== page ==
And it’s the same with my happiness. Now that I have come through an incredibly difficult year of depression and stress and ill-health, I need to make sure I am putting effort into myself – my health, my wellbeing. I need to make sure I am keeping the weeds away regularly. Part of self-care is practicing positive self talk. I need to water the things that bring me joy – spending time with friends and family, writing, reading, exploring – even when perhaps I feel it’s too hard.

 

The focus on effort is not an accident. Being positive takes a lot of energy and sometimes hard work. Keeping demons at bay requires consistency.

 

It’s worth it for my garden, and it’s worth it for my well-being and my happiness.

 

How will you water your happiness in 2019?

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13 thoughts on “Of watering gardens and happiness

    1. Thank you for reading! I’m glad you liked it 🙂

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      1. No problem😀 thank you for sharing check out my blog when you get the chance 😀

        Liked by 1 person

  1. Great metaphor. And beautiful flowers. 😊

    Liked by 1 person

  2. awritesinger says:

    I love that so much, and it’s so very true. The focus on effort is so interesting because I believe a lot of the time we don’t think of taking care of ourselves as needing intentional, invested effort. But it does! The analogy is spot on. Thanks so much for sharing, this is such an encouraging post!

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    1. Thank you Ashley! I’m so glad you liked it and found it encouraging!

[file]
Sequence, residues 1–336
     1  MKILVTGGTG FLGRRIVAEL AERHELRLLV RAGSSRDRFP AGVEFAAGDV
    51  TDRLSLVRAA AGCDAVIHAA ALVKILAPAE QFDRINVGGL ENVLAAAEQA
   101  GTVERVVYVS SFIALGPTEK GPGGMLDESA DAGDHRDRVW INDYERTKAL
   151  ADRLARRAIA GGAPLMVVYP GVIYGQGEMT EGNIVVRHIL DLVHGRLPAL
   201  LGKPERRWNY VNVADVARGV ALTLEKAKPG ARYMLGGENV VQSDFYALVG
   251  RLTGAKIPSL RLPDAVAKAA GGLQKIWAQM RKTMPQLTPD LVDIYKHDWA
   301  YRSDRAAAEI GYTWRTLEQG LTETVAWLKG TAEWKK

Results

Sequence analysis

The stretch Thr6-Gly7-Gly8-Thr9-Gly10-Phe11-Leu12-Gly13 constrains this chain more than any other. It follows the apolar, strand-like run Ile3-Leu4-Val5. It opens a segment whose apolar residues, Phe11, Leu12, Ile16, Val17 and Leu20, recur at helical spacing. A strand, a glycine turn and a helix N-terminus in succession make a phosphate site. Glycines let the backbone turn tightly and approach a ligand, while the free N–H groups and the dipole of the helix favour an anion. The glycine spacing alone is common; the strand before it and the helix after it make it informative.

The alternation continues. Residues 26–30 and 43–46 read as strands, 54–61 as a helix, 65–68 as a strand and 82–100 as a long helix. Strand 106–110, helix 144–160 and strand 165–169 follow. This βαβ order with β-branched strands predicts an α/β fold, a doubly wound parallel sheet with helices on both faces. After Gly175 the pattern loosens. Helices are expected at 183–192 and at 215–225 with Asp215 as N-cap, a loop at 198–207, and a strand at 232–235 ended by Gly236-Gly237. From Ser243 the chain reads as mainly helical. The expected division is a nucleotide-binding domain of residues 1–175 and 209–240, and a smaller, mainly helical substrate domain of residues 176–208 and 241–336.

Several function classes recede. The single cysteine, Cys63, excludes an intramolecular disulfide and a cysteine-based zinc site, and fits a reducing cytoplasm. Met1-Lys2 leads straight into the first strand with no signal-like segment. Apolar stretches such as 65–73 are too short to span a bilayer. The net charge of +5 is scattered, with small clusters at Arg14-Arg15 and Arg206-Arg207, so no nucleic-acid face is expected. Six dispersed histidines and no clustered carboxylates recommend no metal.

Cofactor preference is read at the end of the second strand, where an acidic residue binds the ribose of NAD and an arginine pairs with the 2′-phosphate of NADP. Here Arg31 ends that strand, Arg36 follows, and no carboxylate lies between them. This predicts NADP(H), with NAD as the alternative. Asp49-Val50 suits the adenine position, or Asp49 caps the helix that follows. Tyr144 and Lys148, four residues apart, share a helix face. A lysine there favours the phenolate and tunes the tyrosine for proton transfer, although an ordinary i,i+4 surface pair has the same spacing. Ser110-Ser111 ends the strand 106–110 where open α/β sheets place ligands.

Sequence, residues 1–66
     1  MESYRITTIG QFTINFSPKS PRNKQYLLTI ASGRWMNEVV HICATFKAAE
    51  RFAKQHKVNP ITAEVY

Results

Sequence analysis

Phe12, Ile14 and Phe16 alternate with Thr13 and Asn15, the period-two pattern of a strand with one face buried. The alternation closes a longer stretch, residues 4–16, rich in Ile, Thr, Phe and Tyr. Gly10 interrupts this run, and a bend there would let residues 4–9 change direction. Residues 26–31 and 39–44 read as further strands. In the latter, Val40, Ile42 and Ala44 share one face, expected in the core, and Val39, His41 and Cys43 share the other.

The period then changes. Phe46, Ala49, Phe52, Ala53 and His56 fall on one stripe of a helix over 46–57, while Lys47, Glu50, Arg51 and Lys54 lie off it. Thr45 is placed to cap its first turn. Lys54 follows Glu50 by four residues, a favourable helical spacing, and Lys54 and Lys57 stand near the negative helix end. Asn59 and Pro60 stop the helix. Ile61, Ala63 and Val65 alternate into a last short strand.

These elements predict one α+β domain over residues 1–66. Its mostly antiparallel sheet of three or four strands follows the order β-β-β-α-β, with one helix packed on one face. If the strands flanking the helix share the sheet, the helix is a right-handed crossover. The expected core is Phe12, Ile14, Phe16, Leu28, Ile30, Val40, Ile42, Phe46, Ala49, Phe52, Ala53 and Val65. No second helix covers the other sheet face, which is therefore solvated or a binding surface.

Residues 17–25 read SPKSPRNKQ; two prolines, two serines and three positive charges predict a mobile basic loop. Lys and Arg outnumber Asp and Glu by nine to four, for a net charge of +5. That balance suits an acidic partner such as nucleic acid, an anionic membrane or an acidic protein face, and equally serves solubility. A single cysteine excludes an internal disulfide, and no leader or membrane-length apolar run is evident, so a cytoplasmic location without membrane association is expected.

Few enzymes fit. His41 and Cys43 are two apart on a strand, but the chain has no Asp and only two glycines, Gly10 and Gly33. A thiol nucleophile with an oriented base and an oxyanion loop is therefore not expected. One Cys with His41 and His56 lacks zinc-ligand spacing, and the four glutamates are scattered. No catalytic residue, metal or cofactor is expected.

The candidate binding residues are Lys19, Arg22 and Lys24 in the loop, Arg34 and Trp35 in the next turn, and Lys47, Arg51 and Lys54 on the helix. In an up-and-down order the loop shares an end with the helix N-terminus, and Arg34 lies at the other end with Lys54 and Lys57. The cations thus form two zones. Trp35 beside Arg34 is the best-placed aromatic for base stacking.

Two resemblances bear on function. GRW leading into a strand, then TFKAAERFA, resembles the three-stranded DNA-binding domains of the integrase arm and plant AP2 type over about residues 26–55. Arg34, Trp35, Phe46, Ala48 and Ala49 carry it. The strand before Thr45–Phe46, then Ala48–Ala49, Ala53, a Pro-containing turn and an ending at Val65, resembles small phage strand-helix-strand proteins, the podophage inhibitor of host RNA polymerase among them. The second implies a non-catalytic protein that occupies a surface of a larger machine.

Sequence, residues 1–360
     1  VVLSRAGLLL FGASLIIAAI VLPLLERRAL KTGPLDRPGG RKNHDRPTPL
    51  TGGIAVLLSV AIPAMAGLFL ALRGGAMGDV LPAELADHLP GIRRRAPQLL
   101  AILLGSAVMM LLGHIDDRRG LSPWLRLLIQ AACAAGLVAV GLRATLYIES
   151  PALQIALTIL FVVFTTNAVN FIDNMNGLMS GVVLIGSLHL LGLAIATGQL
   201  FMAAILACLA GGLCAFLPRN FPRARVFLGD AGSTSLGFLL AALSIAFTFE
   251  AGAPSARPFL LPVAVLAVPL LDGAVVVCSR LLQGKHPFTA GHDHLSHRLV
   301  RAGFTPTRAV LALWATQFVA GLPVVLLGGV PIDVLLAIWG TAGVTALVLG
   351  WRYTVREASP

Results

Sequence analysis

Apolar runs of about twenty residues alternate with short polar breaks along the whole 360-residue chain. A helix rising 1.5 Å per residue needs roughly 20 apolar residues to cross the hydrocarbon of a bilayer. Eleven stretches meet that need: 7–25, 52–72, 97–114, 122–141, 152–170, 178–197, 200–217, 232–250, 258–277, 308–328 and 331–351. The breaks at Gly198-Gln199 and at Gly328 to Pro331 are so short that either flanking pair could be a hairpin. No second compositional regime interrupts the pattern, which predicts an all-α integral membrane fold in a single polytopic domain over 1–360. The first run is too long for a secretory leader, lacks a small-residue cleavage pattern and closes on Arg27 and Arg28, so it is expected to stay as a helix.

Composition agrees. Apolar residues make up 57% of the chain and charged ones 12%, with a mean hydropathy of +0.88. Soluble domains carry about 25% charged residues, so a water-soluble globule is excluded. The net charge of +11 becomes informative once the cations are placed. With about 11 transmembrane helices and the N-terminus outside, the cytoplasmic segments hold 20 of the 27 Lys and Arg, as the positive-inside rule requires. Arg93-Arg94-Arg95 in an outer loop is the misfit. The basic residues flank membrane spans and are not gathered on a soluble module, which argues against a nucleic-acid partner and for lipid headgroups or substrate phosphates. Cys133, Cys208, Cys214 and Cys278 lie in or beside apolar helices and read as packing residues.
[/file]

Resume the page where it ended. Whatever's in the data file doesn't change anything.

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  3. Such a beautiful metaphor and a beautiful way to look at self-care. I’m working towards the same, and it’s refreshing to hear someone else talk about the same struggles. When you said it feels like our own fault for the mess we’re in and how much harder that misconception makes it to ask for help, my heart paused. I’ve felt that way so many times but never stopped to step back and realize how silly that attitude really is. And it IS hard to turn it around on your own. I feel so grateful for our supportive writer tribe ❤️❤️
    🙏👏
    “When it gets a bit untidy and overgrown, or things start wilting, we get embarrassed when people come round, or look at it. We feel bad about asking for help because we feel like it’s got that way through our own neglect so we should have to deal with cleaning it up ourselves.
    But sometimes it’s really hard to do by yourself.”

    Liked by 1 person

    1. ❤️ I am so glad it resonated with you. It’s so hard to get over that feeling of shame and like it’s our fault so we don’t deserve help. What I have learned is that people are so very desperate and keen and happy to help. We just need to reach out a hand.

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      1. I’m so glad you were brave enough to share! It’s hard to ask for help but it’s getting easier with practice, especially with amazing friends like you 😁👏

        Liked by 1 person

  4. Tamara says:

    Love this metaphor Clem! I think it’s so easy to forget that in order to make the most of each day and enjoy life we have to put some effort into it. X

    Liked by 1 person